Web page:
Semiconductor Industry Kicks off Lobbying Efforts, Seeks Billions
As trade tensions continue with China, the American semiconductor industry is headed to Washington to push for $37 billion in federal funding to keep the industry competitive against China.
According to the Wall Street Journal, the SIA is asking for $5 billion in matched funding for a new semiconductor fab that would be operated in conjunction with a firm in the private sector — likely Intel NASDAQ:INTC. Intel CEO Bob Swan proposed in April that the company build a facility to work with the Pentagon on semiconductors for the defense sector. The SIA has earmarked a proposed $15 billion for states to provide incentives for the semiconductor industry to set up shop in their backyard, while the remaining $17 billion would be allocated for research and development funding.
Within the US, the SIA’s proposals appeal to have bi-partisan support. Republican and Democrat Senators are working on a bill that would allocate $110 billion in technology spending that would include semiconductor research.
Although some lawmakers would like federal funding to only be available for US firms, the SIA’s plan calls for funds to be available to both foreign and domestic firms that expand their presence in the US.
SEMI, an industry association comprising companies involved in the electronics design and manufacturing supply chain, has also been pushing for an investment tax credit for purchases of machinery used in semiconductor manufacturing.
All this comes as TSMC TPE:2330 beefs up its Washington presence by making a key government relations hire to augment its lobbying presence. Former US Chamber of Commerce executive Nicholas Montella joined the company last week to lead its government relations efforts. A few months prior, TSMC hired former Intel lobbyist Peter Cleveland to be its man in Washington. According to lobbyist directory OpenSecrets, TSMC has spent $478,000 in lobbying during the first quarter of 2020. Filings show that Cleveland lobbied the Department of Commerce and Defense about US wafer fab capabilities, and the Department of State about “receiving and maintaining optimal tariff and customs conditions.”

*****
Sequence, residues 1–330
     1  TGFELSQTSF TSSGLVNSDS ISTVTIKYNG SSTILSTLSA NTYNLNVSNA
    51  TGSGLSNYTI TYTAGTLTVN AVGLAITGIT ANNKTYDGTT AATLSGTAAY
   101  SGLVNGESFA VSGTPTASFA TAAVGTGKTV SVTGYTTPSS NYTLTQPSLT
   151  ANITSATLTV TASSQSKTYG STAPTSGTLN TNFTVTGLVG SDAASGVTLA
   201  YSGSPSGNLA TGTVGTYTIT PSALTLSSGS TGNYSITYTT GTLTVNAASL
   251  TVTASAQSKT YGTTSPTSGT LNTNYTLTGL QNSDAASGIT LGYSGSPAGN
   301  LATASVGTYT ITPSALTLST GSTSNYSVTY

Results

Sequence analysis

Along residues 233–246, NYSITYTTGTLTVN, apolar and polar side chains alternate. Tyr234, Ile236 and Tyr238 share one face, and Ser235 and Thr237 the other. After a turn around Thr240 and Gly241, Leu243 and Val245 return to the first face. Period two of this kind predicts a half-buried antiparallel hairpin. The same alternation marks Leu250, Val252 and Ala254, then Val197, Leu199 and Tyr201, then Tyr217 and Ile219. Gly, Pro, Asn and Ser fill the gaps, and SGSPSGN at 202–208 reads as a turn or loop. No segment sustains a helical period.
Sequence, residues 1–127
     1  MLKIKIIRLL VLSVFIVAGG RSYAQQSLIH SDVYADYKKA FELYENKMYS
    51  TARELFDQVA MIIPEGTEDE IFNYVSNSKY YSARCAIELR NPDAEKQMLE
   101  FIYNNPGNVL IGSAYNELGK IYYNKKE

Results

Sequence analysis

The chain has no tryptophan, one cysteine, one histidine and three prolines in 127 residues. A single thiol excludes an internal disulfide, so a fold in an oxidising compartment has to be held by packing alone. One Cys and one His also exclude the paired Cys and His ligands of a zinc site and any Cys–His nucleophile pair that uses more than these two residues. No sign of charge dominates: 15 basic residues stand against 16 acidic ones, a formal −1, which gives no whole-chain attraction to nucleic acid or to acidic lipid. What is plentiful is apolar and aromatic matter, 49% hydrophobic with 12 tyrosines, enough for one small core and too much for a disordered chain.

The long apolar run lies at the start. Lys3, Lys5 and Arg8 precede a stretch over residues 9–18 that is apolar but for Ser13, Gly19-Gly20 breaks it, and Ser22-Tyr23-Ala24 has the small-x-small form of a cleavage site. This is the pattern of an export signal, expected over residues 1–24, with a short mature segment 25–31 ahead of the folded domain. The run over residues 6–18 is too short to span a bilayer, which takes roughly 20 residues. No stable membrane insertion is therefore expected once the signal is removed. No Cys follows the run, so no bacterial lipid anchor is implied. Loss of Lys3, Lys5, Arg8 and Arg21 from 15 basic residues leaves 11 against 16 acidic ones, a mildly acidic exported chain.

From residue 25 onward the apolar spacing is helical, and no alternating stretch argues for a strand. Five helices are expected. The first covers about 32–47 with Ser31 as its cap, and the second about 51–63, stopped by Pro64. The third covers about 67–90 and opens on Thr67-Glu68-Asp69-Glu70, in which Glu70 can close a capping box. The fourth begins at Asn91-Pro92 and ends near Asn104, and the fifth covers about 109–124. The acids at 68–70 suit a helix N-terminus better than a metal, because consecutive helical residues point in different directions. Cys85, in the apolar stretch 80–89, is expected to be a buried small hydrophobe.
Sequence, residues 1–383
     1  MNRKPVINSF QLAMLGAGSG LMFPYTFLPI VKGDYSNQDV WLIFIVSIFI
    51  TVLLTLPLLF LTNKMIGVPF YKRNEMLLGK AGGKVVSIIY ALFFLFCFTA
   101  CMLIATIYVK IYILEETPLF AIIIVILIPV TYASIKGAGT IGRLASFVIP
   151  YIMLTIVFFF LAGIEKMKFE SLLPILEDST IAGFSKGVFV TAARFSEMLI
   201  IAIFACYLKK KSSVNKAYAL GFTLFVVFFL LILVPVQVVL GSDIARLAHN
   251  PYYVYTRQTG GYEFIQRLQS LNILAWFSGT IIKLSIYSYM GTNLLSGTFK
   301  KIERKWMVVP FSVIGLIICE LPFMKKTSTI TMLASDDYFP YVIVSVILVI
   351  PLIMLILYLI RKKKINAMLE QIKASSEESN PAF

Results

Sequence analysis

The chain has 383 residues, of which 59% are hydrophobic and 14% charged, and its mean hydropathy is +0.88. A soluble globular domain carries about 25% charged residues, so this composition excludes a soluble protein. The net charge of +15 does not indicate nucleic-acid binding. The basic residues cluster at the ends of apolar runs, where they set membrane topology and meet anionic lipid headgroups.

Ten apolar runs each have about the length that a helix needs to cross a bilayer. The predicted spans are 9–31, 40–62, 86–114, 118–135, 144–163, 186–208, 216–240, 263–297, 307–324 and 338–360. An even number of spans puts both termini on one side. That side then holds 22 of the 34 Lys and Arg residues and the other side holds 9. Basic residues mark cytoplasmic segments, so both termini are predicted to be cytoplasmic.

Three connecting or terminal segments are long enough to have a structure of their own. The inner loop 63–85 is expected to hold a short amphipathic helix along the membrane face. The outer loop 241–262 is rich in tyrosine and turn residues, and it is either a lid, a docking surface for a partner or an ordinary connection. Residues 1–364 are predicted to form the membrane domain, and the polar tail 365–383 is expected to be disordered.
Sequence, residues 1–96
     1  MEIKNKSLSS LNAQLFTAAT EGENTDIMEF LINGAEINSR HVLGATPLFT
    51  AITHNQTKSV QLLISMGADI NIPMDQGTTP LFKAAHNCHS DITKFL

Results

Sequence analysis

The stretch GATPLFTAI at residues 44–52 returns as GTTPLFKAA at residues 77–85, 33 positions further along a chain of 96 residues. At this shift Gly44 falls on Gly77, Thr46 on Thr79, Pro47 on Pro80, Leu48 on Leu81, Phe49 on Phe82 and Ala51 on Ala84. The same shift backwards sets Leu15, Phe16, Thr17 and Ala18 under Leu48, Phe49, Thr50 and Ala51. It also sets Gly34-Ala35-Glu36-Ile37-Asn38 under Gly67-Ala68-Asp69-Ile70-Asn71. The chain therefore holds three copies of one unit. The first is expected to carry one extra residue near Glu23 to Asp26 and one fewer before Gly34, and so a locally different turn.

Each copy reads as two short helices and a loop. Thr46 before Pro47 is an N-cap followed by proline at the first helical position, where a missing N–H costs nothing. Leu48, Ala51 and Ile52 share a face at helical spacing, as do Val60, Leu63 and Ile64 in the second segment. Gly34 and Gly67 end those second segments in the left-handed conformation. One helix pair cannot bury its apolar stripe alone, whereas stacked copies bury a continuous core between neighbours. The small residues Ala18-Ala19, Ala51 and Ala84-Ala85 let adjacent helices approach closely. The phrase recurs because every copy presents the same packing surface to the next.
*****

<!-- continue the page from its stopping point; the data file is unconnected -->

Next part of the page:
Separately, Taiwan’s Presidential Office has denied that Taiwan President Tsai Ing-wen played a personal role in advocating for TSMC to commit to building a fab in Arizona though spokesman Xavier Chang said that her office welcomed the plan.
"President Tsai is delighted to see any investment that is helpful to Taiwan's economic development, but she will not get involved,” Chang is quoted as saying, reiterating that the move was based on business and not political considerations.
However, TSMC posted a filing on the Taiwan Stock Exchange days before the announcement saying it had no concrete plans to invest in the US owing to cost considerations in manufacturing semiconductors, though the company did indicate that discussions had been taking place.
It is unclear what perks and benefits Arizona provided to TSMC to pledge to open up shop in the state. Authorities in Arizona have yet to respond to Freedom of Information requests submitted by Wccftech.
TSMC’s stock is up 1% during Monday morning trading in Taipei.
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